Headfuck: If you are someone who is very emotionally vulnerable, or has a mental illness, you probably ought avoid K as it is proven to be quite a headfuck and it can be psychologically addictive. It can also be emotionally draining as well so its very important to give yourself a decent break between K Trips.
Don’t Panic!: K generally only lasts for 20/40mins, so if you get scared about where you are, try not to worry, YOU WILL come through the other side. Just relax.
Girls and Guys: It is common sense really but on K, your movements will be impaired – you may not be able to move at all – so protect yourself from unwanted sexual attention and do your K with best buddies, not strangers. Read the sex bit above for extra info
Mixing it up: K really is best on it’s own. People have encountered problems when they’ve taken it with alcohol (it has caused people to lose consciousness and choke on their vomit or to get violent or aggressive). It is no where near as nice when you mix it with alcohol anyway and the above are extremely good reasons why not too do it. The other drug people sometimes mix it with is cocaine. This can cause it’s own sort of problems as you might get coke’s energy to be able to walk around, but then BAM! All of a sudden your legs will go from under you and you could end up falling down stairs, in a pool, etc, breaking a limb or worse… We can’t emphasise enough the idea of STAYING PUT when you take K.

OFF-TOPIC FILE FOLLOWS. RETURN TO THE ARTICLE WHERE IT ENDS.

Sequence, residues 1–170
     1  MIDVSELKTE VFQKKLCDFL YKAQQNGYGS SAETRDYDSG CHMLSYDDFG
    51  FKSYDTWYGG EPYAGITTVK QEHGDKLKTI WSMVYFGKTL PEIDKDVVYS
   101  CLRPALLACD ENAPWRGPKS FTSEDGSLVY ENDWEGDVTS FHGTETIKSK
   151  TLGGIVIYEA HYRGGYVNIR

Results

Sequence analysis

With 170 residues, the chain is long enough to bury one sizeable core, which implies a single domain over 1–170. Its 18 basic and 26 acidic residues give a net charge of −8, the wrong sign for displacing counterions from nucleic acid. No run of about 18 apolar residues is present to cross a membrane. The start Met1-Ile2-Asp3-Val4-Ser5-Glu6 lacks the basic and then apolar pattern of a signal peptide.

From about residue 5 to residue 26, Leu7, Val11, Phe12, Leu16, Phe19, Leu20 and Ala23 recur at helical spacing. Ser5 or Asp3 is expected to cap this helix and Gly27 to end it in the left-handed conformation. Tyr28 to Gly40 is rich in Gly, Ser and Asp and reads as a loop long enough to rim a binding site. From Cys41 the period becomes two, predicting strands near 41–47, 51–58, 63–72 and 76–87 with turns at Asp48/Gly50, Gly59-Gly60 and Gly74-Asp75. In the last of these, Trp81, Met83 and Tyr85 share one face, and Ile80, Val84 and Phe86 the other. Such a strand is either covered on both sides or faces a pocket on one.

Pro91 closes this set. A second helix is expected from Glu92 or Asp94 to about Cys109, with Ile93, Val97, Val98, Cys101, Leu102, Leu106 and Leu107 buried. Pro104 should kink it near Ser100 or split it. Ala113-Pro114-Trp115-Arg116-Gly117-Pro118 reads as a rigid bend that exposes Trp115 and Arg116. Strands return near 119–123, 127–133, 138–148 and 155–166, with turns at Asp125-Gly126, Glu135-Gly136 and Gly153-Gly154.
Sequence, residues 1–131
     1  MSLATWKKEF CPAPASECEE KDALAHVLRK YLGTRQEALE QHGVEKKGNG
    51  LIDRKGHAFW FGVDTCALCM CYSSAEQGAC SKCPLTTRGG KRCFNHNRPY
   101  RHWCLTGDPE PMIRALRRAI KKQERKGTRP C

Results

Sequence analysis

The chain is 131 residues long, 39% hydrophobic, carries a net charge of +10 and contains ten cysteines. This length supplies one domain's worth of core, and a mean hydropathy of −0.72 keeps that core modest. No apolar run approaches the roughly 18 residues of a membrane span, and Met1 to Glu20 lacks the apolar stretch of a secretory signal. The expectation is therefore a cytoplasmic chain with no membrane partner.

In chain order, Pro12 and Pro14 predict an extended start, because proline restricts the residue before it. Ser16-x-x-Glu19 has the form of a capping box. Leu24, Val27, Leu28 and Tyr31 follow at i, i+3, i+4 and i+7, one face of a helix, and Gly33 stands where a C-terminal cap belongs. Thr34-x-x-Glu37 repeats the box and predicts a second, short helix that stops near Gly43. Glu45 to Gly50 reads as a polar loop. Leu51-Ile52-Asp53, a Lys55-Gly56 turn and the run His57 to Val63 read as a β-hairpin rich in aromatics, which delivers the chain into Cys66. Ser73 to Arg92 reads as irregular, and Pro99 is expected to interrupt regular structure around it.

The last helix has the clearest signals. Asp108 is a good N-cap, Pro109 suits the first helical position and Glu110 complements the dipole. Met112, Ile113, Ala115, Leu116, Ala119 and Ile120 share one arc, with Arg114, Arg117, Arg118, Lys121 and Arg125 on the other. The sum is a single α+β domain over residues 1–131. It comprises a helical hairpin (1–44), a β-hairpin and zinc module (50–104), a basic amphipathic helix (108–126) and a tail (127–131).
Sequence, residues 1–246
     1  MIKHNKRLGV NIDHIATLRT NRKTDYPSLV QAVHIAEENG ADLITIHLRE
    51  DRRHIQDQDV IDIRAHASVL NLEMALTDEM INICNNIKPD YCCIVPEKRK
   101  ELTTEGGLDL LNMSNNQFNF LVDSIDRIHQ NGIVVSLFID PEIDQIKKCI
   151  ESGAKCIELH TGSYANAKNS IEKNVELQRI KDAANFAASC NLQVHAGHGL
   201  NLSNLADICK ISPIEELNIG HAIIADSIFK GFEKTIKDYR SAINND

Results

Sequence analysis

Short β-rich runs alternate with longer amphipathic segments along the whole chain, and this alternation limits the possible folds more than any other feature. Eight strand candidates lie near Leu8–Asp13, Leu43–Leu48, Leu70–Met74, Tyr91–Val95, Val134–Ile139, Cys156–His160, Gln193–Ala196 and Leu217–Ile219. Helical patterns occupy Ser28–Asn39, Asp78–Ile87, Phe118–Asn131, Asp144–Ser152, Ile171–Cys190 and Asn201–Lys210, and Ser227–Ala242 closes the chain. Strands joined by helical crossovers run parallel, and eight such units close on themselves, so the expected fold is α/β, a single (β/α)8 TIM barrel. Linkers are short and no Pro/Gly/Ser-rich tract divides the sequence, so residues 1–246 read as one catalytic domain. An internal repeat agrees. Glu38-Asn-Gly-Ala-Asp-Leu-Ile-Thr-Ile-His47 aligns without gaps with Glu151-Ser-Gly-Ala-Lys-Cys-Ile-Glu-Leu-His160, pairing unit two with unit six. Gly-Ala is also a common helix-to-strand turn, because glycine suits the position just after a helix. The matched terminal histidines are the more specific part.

Walk, Don’t Run: Try not to get up and move around – the disassociative aspect to K will make movement difficult and you could fall and hurt yourself. Its anesthetic properties could make you unaware how seriousness an injury may be. So stay put, you’ll be back in 30 mins!
NEVER: Use Ketamine when you’re pregnant. And ever mix it with Absinthe, alcohol, MAOI’s (which are some kinds of antidepressants) GHB, Yohimbe, major tranquillizers (anti psychotics) OR if you have kidney impairment or liver disease, high / very low blood pressure, or are epileptic.
Compiled by A & E Lifestyles: A BP partnership in drug taking and investigating. Taken from a BP leaflet, which was based on an article from issue 8.
PART 2 – ESSENTIAL READING – the pharmacology, which is just as important to understand whatever bits
KETAMINE – A dissociative substance
(Ketalar, Vetalar, Ketacet, Ketajet)